Remembering when Diego Maradona almost joined Sheffield United in the 1970s, ahead of documentary UK premiere
Just over 40 years ago the Blades came within a hair's breadth of landing the controversial footballing legend...
Diego Maradona, who is widely regarded as one of the game's greatest ever players, and infamous for his 'Hand of God' goal against England in the 1986 World Cup, almost joined Sheffield United back in 1978.
With Harry Haslam at the helm, the Blades looked beyond domestic football to find a new star, and chanced upon a 17-year-old making waves in South America with Argentinos Juniors.
After seeing the sublime skills of 'The Golden Boy' in action, during a season where he fired home 19 goals and represented Argentina's senior national side, Haslam pounced for the pint-sized prodigy, offering £200,000 to secure his services.
As the player once revealed in an interview with FourFourTwo magazine, the flights were booked; everything looked to be coming together nicely.
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However, Maradona's side, aware of the precious gem they had on their hands, demanded extra money on top of the original fee. Unable to raise the necessary funds, the Blades pulled the plug on what would have been a sensational signing.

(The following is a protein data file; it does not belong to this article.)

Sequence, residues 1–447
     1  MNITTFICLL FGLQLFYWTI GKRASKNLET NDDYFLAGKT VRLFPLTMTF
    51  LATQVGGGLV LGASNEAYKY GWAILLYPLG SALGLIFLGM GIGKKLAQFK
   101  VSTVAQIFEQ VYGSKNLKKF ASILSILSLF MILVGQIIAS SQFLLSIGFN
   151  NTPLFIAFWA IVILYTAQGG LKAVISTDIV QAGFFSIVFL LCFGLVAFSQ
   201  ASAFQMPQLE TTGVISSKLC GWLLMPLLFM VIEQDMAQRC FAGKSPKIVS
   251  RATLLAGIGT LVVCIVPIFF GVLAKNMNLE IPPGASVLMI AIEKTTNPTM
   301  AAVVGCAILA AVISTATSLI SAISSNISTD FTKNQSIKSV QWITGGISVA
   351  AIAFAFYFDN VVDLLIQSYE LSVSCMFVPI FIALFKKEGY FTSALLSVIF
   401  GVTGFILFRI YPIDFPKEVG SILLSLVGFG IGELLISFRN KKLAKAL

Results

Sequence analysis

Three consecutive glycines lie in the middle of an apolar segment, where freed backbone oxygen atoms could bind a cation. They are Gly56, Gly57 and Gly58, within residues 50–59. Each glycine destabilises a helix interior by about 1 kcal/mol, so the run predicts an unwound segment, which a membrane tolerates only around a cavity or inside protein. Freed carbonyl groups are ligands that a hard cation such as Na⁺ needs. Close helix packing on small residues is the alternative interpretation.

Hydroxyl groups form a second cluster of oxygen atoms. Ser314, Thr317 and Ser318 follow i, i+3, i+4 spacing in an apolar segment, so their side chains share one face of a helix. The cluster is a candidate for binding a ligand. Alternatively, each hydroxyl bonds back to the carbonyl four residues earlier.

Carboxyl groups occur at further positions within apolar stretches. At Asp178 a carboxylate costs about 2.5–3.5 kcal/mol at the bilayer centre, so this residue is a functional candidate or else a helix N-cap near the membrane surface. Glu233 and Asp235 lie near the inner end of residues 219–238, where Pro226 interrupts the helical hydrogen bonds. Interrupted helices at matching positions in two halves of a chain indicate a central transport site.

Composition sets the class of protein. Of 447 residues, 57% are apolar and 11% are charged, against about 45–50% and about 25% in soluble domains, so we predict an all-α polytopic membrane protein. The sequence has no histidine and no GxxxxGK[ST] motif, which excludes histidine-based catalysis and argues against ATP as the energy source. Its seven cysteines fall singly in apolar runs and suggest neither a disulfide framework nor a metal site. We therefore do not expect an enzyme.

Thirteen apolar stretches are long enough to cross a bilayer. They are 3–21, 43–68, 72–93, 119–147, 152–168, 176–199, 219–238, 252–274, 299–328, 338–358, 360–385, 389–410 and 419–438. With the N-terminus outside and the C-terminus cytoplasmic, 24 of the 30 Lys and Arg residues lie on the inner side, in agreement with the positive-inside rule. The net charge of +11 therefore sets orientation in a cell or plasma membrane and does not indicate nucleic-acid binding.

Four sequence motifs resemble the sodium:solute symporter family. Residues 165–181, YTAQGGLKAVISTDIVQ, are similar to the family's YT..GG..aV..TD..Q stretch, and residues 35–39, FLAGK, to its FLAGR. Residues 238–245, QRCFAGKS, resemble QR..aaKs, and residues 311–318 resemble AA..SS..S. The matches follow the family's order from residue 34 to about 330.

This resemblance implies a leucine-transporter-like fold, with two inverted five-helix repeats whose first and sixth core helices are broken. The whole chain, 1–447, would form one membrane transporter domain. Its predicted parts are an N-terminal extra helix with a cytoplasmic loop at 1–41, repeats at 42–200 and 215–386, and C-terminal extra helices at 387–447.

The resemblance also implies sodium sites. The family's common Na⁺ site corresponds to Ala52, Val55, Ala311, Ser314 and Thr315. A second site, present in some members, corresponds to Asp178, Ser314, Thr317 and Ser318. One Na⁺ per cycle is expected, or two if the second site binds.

With the tenacious forward having slipped through the net, Haslam moved for River Plate midfielder Alex Sabella instead, who set the club back £160,000. While the player was a hit, United's subsequent plunge down the leagues saw them forced into a sale a couple of seasons later, and Sabella joined Leeds United for £400,000.
The rest, as they say, is history. Maradona remained with his boyhood club for the next few seasons, before going on to star for the likes of Barcelona and Napoli, as well as winning the 1986 World Cup.
A documentary entitled 'Diego Maradona, which chronicles the player's career, will make its UK premiere at Sheffield City Hall on June 6, and will include a Q&A session with the film's director Asif Kapadia.
Doors open at 6pm, and the film starts at 6.45pm. Tickets are priced at £12 and £10.